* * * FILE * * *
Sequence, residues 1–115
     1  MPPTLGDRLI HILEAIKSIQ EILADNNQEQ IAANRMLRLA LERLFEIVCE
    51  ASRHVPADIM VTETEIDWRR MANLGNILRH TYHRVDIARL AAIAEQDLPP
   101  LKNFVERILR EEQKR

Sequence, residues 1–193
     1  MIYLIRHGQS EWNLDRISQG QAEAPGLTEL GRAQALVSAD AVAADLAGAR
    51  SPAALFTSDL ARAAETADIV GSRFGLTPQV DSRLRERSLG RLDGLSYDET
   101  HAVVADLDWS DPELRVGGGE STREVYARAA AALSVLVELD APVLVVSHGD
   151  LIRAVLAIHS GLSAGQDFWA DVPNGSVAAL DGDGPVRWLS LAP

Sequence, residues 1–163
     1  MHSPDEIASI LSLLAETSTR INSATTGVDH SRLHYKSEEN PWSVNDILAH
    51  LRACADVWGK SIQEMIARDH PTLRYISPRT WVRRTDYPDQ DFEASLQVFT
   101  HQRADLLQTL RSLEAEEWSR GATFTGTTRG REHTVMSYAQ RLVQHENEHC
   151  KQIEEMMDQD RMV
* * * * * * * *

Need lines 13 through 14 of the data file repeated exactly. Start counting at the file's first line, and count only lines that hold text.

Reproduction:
   101  HQRADLLQTL RSLEAEEWSR GATFTGTTRG REHTVMSYAQ RLVQHENEHC
   151  KQIEEMMDQD RMV